Perhaps he hadn't been a real gypsy then; a real gypsy wouldn't have been so foolish. A real gypsy would have had a cross made of horseshoe nails about his throat, and perhaps even a horseshoe in his pocket to boot. After all, a horseshoe was proof against mortal as well as Sidhe, when wielded in a fist.


The horses milled, the red-eyed hounds swarming about among their clattering hooves, the courtyard a seething sea of chaos and noise. Then Vidal Dhu, unmistakable in his ebon armor, rode his sweating horse halfway up the staircase, paused there, raised his hand, and a silence fell over all of them. Even the hounds cringed, and slunk away to cower beneath the hand of their houndmaster.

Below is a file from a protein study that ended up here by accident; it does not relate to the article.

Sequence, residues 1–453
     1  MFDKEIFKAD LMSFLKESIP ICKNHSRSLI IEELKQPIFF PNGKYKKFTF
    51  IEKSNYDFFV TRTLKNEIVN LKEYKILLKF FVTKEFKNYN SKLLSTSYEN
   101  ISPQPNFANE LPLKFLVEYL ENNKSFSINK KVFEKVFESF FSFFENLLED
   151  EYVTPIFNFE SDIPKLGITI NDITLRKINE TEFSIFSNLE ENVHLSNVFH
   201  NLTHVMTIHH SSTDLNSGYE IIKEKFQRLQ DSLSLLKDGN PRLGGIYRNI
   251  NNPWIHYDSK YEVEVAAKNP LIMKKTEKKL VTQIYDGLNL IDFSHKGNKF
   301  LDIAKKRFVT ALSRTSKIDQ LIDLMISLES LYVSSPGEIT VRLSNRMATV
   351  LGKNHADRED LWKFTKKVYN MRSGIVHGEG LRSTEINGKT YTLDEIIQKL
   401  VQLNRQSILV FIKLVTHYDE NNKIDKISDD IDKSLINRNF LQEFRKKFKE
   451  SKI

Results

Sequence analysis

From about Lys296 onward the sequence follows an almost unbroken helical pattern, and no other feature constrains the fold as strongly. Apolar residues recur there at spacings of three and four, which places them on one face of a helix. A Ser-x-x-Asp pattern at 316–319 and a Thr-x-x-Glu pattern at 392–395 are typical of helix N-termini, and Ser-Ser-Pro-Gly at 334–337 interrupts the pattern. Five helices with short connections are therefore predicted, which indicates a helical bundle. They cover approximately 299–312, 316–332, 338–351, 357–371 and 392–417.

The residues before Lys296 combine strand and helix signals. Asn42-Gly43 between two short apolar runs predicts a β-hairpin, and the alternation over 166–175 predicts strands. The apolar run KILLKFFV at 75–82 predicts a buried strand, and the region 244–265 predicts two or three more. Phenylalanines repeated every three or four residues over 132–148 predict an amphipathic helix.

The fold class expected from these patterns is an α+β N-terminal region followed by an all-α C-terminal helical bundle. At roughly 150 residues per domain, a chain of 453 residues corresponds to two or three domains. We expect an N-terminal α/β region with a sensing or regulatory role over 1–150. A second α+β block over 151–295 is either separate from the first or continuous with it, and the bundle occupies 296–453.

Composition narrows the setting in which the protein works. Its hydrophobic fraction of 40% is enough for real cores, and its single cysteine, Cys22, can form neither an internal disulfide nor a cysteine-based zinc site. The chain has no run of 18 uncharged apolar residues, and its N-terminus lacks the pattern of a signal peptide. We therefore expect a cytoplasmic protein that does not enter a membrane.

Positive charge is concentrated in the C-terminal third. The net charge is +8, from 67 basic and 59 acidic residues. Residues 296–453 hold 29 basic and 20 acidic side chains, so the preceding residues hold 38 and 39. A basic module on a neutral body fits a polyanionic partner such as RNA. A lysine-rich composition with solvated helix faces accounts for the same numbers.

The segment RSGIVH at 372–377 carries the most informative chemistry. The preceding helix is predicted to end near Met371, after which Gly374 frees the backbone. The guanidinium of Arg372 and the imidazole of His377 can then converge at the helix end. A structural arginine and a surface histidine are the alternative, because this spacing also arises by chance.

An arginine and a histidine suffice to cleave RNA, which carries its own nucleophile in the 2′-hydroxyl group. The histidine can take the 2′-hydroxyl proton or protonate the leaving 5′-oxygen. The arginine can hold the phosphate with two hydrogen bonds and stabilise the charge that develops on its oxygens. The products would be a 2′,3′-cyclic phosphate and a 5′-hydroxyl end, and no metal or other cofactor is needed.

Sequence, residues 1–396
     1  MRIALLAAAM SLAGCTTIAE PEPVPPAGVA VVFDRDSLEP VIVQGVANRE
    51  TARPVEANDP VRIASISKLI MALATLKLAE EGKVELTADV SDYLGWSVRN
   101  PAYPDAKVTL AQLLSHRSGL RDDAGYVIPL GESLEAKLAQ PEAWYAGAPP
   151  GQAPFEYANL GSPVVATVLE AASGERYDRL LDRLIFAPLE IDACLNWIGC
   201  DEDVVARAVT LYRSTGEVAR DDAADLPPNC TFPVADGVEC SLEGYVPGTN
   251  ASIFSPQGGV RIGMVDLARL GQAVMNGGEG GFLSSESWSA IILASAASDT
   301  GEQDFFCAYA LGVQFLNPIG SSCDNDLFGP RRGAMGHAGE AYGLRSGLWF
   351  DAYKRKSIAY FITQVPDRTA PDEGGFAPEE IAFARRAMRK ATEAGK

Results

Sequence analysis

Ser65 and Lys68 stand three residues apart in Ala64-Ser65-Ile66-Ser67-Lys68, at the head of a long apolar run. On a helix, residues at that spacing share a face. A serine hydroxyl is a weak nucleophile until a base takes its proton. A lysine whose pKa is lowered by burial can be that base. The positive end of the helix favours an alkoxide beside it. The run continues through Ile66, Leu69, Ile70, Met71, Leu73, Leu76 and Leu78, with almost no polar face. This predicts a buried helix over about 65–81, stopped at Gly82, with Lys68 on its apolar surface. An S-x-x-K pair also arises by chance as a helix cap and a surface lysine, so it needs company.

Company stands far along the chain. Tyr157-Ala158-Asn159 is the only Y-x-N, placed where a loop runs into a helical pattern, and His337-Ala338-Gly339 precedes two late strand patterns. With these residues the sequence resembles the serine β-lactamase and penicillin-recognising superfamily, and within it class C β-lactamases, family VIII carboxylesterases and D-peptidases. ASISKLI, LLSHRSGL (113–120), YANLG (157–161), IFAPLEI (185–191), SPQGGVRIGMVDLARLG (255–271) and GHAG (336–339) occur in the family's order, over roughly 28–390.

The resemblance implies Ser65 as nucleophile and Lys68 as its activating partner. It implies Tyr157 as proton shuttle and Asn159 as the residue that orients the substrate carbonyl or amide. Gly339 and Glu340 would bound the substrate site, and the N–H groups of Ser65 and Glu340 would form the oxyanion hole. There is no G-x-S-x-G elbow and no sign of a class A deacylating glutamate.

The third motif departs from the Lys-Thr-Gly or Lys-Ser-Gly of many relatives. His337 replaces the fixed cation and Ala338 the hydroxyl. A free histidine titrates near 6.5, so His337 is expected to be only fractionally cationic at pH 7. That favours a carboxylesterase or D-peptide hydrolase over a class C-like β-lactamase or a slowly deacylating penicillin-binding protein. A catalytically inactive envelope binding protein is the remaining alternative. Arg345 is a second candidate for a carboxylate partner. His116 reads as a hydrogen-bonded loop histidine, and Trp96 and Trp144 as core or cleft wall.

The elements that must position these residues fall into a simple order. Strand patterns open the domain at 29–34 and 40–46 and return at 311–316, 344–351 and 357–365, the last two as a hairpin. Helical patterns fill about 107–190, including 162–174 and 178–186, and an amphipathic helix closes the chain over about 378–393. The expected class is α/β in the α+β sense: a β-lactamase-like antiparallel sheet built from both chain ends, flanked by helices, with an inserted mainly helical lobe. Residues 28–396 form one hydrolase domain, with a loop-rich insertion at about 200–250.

"Disperse," their leader said, the single word echoing against the obsidian walls that surrounded the court.


And, of course, they did.


The houndmaster left first, his charges surging about him in waves, but silently now, silently, for Vidal Dhu had made it plain that he was wearied of the noise. To their kennels they would go, to lick the mortal blood from their paws and dream of another such hunt.


The lesser members of Vidal's court left next, riding out, not through the Gate to the mortal world which was now dead and dormant until Vidal called it to life again, but through the ordinary courtyard gate into the Underhill realm in which Vidal Dhu held sole sway. The greater lords and ladies, those who dwelt here in Caer Mordwyn at the pleasure of their lord and master, dismounted as servants came to take their steeds. With the creak of leather or the soft susurration of silk, they slipped up the stairs to the Great Hall, and from thence, to their quarters.